Is it time for a hug? YES…but

I remember more than a year ago when I first became aware that hugging a friend was possibly risky. Since then, it has been a hugless year. I feel especially bad for patients in nursing homes. For them, the last year has been one of feeling only gloved hands and seeing masked faces.

Touch is very important. It provides comfort, support, and connection. A hug can lower blood pressure and slow the heart rate.  A hug is an affectionate way of touching.  As a son of immigrant parents I know that some cultures are more reserved. But there are also other ways of touching that convey warmth: an arm around the shoulders, a pat or rub on the back, a squeeze of the arm, a touch on the elbow, a handshake. These are all ways of sending a message:  I see you, I’m reaching out to you, I support and respect you, I like you.

The year of no hugging is over. With the high level of vaccination, touching AND hugging are generally ok, IF you are vaccinated. 68% of all seniors in the United States are fully vaccinated. Evidence is now very clear that vaccination results in a dramatic decrease in the risk of spreading, contracting or becoming seriously ill with COVID. Once vaccinated, seniors are 94% less likely to be hospitalized.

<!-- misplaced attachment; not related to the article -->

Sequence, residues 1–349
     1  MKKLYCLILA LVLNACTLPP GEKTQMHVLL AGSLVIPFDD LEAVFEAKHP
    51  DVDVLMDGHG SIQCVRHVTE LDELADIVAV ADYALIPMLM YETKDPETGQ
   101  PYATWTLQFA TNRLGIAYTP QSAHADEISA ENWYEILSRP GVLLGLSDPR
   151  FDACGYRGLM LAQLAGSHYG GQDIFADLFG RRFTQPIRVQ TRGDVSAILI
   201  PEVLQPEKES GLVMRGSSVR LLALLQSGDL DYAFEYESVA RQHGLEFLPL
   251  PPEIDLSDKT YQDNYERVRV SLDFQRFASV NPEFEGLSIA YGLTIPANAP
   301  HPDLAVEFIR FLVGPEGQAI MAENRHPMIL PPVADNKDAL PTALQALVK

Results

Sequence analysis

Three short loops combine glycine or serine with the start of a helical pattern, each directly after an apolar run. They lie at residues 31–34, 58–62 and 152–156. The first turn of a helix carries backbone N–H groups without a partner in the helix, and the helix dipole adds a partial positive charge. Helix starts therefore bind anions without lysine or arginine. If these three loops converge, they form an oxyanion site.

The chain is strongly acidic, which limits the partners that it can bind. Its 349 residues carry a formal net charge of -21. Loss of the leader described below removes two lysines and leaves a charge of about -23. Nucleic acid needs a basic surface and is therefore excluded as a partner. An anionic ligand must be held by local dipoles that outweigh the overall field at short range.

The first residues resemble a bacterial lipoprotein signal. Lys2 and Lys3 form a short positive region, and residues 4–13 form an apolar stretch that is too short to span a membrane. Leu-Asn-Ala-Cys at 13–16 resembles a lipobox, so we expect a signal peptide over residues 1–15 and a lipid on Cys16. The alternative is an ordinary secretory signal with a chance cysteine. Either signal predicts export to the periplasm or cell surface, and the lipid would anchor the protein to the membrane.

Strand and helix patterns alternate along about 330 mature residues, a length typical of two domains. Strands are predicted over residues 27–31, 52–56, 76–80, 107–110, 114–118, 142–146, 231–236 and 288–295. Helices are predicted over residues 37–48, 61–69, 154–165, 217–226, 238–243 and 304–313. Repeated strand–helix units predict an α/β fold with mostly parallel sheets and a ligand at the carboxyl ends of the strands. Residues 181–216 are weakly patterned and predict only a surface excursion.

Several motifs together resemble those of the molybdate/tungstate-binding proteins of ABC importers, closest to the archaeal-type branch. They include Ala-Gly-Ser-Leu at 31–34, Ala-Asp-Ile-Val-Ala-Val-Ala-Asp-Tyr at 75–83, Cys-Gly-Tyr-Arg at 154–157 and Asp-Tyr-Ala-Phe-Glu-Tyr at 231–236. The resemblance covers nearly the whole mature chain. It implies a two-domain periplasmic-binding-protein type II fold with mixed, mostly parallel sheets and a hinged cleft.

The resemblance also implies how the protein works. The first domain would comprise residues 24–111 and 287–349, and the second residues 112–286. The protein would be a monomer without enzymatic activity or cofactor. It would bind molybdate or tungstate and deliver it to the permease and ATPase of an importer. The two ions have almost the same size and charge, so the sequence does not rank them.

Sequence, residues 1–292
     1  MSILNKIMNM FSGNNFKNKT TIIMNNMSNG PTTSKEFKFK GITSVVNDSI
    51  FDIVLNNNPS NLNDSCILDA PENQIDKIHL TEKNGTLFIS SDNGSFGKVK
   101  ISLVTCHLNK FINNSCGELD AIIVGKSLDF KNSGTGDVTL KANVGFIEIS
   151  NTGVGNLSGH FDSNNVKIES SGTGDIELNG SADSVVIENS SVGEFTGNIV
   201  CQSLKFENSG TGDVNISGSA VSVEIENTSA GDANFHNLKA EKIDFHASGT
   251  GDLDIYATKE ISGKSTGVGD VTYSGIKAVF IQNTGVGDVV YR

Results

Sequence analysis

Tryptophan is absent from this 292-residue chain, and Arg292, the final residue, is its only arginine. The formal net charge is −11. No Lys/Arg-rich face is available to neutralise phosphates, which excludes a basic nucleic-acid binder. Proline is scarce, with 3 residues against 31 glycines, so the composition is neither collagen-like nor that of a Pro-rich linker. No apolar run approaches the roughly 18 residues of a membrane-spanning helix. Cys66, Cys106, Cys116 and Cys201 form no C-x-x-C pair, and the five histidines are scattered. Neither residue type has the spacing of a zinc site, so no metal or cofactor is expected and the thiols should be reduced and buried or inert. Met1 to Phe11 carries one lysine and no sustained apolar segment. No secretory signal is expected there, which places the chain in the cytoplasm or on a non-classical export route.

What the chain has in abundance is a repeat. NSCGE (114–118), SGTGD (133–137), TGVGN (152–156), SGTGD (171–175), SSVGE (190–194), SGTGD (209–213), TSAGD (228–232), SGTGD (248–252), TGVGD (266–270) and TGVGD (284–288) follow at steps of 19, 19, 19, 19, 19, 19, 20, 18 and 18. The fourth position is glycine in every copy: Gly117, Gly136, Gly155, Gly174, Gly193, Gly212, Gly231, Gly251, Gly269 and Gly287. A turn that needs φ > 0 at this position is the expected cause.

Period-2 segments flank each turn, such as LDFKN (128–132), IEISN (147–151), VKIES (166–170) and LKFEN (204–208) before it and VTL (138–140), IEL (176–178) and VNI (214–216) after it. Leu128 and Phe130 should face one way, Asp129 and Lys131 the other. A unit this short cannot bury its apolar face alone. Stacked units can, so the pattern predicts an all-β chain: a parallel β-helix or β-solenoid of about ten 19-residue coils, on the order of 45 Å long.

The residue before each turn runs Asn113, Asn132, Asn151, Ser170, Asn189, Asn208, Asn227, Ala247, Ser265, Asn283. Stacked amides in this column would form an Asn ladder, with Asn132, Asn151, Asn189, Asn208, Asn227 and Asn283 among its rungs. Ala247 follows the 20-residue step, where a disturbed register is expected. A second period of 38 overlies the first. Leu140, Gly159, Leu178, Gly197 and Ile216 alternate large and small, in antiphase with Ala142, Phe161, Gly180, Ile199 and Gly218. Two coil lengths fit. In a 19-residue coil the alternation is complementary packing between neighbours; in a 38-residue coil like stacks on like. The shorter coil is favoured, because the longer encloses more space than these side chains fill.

There IS a “but”.  The risk of a hug is higher if the hug is given by someone who is not vaccinated. Although the risk is much less, vaccinated seniors can still come down with COVID from someone who is infectious.  Frail seniors, especially those with multiple chronic conditions, are more likely to do poorly with COVID, the flu or any other serious infection.

Vaccination rates vary widely across the United States and within different communities.  If you, your family, and friends are vaccinated, hugging is quite safe. If your family or friends are not vaccinated, hugging is a larger risk, even if you are vaccinated.  I’m vaccinated and my patients are vaccinated. They’re happy when I give them a hug. It gives them hope, support and healing warmth.

With a big virtual hug from me. And remember to wash your hands frequently and avoid crowds.


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Posted in Caregiving, COVID-19, Dr. Warren, Vaccine and tagged , , , .

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